- There is a probability that governs the likelihood of not posting (\(Pr(Y_i = 0) = \pi\))
- And then there is a count model restricted to \(>0\) (“zero truncated”) describing the number of posts.

This post from the University of Virginia explains how to fit hurdle models in R.

When you have excess zeroes, the intuitively named zero-inflated poisson or negative binomial model may also be appropriate. These are “mixture models” because there is a mixture of two distributions: the Bernoulli and Poisson/Negative Binomial. Here we think that there are two types of zeroes in the data.

- This is only appropriate to the extent that there are some observations that are truly ineligible from having a positive count– that have zero probability of having a count \(>\) 0.
- For example, in the UCLA R tutorial linked to below, they study the number of fish a particular camping group caught at the park. Well some people might not have gone fishing! This would be a case where some of the zeroes may reflect a separate process (the decision to fish)

- However, even among those that decide to go fishing, some people may still catch zero fish. Just like in a typical Poisson or Negative Binomial process, it is still possible to have a 0 count.
- Here, we just think there may be two processes explaining the zeroes, and only using a standard count model does not help explain that first process.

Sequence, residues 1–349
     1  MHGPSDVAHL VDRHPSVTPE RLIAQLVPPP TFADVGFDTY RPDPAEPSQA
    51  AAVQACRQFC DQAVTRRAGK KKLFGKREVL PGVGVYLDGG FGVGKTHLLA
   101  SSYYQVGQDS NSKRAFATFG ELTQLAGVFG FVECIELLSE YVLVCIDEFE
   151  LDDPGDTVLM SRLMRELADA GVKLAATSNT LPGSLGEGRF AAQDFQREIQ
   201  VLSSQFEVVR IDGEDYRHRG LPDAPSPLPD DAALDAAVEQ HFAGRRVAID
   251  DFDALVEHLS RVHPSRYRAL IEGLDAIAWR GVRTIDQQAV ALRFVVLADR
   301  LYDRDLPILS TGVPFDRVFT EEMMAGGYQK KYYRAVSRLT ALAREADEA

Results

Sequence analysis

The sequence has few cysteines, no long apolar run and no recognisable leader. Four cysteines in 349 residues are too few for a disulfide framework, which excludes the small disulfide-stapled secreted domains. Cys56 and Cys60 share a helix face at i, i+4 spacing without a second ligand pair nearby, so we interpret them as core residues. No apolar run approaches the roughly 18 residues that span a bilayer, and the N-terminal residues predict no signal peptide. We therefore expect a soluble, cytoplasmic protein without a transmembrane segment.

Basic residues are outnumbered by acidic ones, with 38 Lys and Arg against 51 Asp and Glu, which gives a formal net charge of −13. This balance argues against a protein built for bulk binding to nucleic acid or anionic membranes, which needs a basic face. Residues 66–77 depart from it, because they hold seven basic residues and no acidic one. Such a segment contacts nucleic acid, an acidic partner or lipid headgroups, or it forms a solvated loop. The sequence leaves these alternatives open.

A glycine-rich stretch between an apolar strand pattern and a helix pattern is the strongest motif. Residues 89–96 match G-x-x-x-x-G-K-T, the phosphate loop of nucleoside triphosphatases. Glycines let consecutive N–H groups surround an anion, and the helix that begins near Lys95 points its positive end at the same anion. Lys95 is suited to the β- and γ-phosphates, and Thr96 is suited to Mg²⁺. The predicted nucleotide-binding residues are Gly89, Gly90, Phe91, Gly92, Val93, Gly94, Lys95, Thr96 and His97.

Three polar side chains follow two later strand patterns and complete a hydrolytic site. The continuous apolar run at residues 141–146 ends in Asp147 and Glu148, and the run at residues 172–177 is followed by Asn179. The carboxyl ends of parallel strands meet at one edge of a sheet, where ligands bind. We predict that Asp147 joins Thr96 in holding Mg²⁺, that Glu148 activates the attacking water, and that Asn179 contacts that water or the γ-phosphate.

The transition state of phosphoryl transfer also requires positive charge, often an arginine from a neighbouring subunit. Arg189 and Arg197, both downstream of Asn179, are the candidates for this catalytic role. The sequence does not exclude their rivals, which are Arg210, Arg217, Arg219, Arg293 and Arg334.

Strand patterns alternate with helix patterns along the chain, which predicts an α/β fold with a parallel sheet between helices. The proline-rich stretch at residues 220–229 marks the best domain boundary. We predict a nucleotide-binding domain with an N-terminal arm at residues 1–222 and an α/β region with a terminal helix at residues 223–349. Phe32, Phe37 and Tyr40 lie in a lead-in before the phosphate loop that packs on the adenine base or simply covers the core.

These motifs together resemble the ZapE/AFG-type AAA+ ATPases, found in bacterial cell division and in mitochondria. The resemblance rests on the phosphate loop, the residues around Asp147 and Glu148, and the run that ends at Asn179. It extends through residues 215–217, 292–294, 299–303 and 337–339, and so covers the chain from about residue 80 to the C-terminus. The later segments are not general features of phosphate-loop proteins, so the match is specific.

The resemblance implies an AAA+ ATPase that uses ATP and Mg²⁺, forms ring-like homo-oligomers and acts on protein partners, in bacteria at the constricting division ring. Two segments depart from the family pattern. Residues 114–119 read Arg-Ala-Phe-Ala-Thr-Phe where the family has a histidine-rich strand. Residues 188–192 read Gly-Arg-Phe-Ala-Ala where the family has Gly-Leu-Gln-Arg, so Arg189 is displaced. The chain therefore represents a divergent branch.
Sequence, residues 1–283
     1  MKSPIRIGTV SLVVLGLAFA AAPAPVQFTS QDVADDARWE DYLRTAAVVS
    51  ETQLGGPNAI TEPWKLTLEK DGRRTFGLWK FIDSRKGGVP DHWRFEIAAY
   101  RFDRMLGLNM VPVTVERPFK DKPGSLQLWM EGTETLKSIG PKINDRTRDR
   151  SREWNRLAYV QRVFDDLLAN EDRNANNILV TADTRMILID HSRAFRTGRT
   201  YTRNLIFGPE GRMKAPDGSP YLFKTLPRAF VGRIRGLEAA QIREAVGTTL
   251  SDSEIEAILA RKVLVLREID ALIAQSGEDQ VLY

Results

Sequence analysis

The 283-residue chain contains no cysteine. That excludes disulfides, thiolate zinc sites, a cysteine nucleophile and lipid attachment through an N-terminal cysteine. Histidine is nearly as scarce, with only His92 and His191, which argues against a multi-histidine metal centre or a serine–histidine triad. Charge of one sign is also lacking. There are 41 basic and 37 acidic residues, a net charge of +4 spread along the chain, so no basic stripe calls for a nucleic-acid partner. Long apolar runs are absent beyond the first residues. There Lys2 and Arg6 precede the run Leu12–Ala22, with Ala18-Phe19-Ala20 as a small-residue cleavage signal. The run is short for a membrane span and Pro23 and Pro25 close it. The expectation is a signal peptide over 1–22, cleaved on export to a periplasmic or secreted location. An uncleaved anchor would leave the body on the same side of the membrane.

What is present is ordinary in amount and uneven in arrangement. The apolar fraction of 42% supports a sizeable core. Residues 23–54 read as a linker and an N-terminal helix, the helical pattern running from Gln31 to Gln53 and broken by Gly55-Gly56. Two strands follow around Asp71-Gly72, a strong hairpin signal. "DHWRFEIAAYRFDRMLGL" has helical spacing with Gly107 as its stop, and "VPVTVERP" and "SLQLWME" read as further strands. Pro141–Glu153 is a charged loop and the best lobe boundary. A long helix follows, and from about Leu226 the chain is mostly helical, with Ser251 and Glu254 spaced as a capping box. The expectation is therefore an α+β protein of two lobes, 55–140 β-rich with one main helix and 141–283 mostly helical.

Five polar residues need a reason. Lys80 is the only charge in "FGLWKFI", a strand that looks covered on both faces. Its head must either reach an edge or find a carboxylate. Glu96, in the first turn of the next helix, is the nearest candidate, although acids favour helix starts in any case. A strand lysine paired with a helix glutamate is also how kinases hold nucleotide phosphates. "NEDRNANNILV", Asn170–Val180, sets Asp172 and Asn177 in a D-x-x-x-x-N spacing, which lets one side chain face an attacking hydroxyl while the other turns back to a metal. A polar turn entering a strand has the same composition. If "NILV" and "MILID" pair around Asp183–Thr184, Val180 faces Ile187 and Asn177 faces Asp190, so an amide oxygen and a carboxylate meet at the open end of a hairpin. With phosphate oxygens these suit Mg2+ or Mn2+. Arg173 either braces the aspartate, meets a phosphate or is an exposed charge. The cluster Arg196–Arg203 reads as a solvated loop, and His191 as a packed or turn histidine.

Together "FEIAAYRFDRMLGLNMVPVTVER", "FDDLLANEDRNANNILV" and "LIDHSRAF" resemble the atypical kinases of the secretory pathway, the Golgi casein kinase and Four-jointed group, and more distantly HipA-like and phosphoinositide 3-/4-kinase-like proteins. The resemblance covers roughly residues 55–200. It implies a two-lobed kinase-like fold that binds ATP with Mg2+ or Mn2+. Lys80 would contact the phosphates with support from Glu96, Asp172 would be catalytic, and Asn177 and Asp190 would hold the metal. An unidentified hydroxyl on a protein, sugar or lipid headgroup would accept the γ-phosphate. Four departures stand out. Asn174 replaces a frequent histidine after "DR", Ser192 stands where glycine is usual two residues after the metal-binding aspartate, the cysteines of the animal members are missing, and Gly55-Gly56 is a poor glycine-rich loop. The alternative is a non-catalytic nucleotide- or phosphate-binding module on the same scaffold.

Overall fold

- We fit two models – a logistic regression model and a count model.

These tutorials from UCLA here and here describe how one would fit these models in R.

I also recommend reading this blog post from Paul Allison in what to consider when choosing between count models. He argues often it may make just as or even more sense to stick with the overdispersed poisson or negative binomial unless you have a good reason to believe that there are people with zero-probability of having a positive count.

Count data will always prevent the errors from being normally distributed, which can be problematic for estimates in small samples. In large samples, the uncertainty estimates will still approximate the correct values.↩︎